The good news keeps on coming for blogger legal rights. Friday, a California Appeals Court ruled that Apple could not compel several bloggers and website operators to reveal their sources. From Stanford law professor Lauren Gelman
, who wrote an amicus brief in the case in which I joined on behalf of Daily Kos:
The Court held that the Stored Communications Act prevents Apple from requesting the emails from the ISP and says they must go to the account holders directly.
The Court also held that the website editors were journalists entitled to claim California's Journalist Shield to prevent them from being held in contempt for not disclosing sources and to claim the First Amendment's protections for journalists.
EFF, which led the battle, said in their press release:
In their decision, the judges wrote: "We can think of no workable test or principle that would distinguish 'legitimate' from 'illegitimate' news. Any attempt by courts to draw such a distinction would imperil a fundamental purpose of the First Amendment, which is to identify the best, most important, and most valuable ideas not by any sociological or economic formula, rule of law, or process of government, but through the rough and tumble competition of the memetic marketplace."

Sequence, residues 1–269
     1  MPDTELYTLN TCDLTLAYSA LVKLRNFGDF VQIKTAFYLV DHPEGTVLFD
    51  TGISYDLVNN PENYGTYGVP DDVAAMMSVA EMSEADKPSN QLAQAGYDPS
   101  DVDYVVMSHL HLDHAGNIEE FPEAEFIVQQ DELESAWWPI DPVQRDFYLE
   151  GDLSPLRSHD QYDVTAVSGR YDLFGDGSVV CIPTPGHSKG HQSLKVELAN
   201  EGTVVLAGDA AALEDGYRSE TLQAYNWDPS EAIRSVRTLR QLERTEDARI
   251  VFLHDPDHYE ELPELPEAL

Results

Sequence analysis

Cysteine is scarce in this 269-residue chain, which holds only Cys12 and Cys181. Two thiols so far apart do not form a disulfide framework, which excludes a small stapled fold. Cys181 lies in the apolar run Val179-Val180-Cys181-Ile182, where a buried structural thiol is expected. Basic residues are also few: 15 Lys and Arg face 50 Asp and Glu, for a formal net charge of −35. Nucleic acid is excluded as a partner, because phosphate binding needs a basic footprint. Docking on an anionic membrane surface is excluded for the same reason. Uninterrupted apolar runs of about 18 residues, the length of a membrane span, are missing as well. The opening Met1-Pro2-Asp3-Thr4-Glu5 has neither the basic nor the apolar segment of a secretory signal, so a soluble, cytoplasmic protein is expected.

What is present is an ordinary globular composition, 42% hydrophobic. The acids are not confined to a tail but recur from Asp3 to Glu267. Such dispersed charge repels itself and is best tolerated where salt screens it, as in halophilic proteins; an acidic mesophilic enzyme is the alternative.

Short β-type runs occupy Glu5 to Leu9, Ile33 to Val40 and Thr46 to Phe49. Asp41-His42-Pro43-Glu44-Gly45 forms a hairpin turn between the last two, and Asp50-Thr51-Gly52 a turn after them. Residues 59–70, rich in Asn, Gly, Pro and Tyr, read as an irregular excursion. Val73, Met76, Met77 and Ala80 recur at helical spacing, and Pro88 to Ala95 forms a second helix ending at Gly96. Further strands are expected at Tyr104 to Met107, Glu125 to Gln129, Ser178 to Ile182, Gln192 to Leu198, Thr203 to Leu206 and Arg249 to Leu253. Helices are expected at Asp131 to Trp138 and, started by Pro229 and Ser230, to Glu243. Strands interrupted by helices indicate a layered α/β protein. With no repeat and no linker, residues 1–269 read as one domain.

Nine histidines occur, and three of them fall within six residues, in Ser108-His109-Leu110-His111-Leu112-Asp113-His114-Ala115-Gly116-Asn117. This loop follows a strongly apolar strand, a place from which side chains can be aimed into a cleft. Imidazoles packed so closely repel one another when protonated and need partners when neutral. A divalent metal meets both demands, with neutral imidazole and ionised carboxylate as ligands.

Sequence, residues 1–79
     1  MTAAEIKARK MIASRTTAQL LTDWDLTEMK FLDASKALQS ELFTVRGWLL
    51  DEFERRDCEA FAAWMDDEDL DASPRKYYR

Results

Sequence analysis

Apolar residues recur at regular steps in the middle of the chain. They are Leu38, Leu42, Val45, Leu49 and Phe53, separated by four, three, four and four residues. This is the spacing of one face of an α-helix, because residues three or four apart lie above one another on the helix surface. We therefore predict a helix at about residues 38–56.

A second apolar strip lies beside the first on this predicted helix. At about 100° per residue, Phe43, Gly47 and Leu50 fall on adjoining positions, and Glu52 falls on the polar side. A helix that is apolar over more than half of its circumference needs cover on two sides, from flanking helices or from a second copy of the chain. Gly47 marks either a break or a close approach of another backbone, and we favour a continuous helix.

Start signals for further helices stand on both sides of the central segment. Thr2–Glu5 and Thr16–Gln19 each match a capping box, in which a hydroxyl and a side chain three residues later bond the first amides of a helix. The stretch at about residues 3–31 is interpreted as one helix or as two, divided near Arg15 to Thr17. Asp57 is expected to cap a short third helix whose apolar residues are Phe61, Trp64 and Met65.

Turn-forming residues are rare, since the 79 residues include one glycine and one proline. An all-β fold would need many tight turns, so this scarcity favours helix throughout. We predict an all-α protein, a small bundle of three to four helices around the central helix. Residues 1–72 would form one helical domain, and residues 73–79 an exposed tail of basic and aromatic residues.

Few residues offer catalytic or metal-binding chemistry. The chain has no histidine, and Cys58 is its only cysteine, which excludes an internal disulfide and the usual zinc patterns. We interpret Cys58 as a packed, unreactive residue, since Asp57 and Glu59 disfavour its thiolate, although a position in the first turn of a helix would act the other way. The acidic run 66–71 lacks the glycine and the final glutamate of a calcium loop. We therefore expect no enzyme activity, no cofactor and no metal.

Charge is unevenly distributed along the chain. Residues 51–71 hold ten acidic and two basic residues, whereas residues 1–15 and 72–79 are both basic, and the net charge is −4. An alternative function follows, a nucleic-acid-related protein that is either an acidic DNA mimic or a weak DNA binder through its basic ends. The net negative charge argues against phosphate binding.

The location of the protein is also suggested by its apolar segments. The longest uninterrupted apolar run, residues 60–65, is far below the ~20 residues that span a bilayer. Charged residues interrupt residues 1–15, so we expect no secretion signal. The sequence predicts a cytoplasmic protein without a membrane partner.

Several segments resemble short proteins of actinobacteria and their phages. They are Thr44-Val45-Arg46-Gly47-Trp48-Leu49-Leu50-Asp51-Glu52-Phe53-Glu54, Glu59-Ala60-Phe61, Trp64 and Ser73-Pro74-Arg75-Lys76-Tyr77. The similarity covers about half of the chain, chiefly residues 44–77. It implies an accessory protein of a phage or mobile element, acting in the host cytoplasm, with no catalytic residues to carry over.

The case began when Apple Computer sued several unnamed individuals, called "Does," who allegedly leaked information about an upcoming product to online news sites PowerPage and AppleInsider. As part of its investigation, Apple subpoenaed Nfox -- PowerPage's email service provider -- for communications and unpublished materials obtained by PowerPage publisher Jason O'Grady. A trial court upheld the subpoena.
But Friday, the court said that O'Grady is protected by California's reporter's shield law, as well as the constitutional privilege against disclosure of confidential sources. The court also agreed with EFF that Apple's subpoena to email service provider Nfox was unenforceable because it violated the federal Stored Communications Act, which requires direct subpoenas of account holders.
Now, to be perfectly clear, this is a California case. It only applies in the Golden State. But this is new legal territory, and courts around the country, including the feds, can and will look to this decision for guidance as similar cases arise in their jurisdictions. Coming in the heels of the FEC's decisions to grant bloggers and other internet media practicioners the media exemption, a solid body of law is being developed upholding the principles that citizen media deserves the same First Amendment protections as "professional" journalists.
Sure, Carol Darr will have trouble sleeping tonight, as will many enemies of a broad interpretation of the First Amendment. But for the rest of us, this is a great result.
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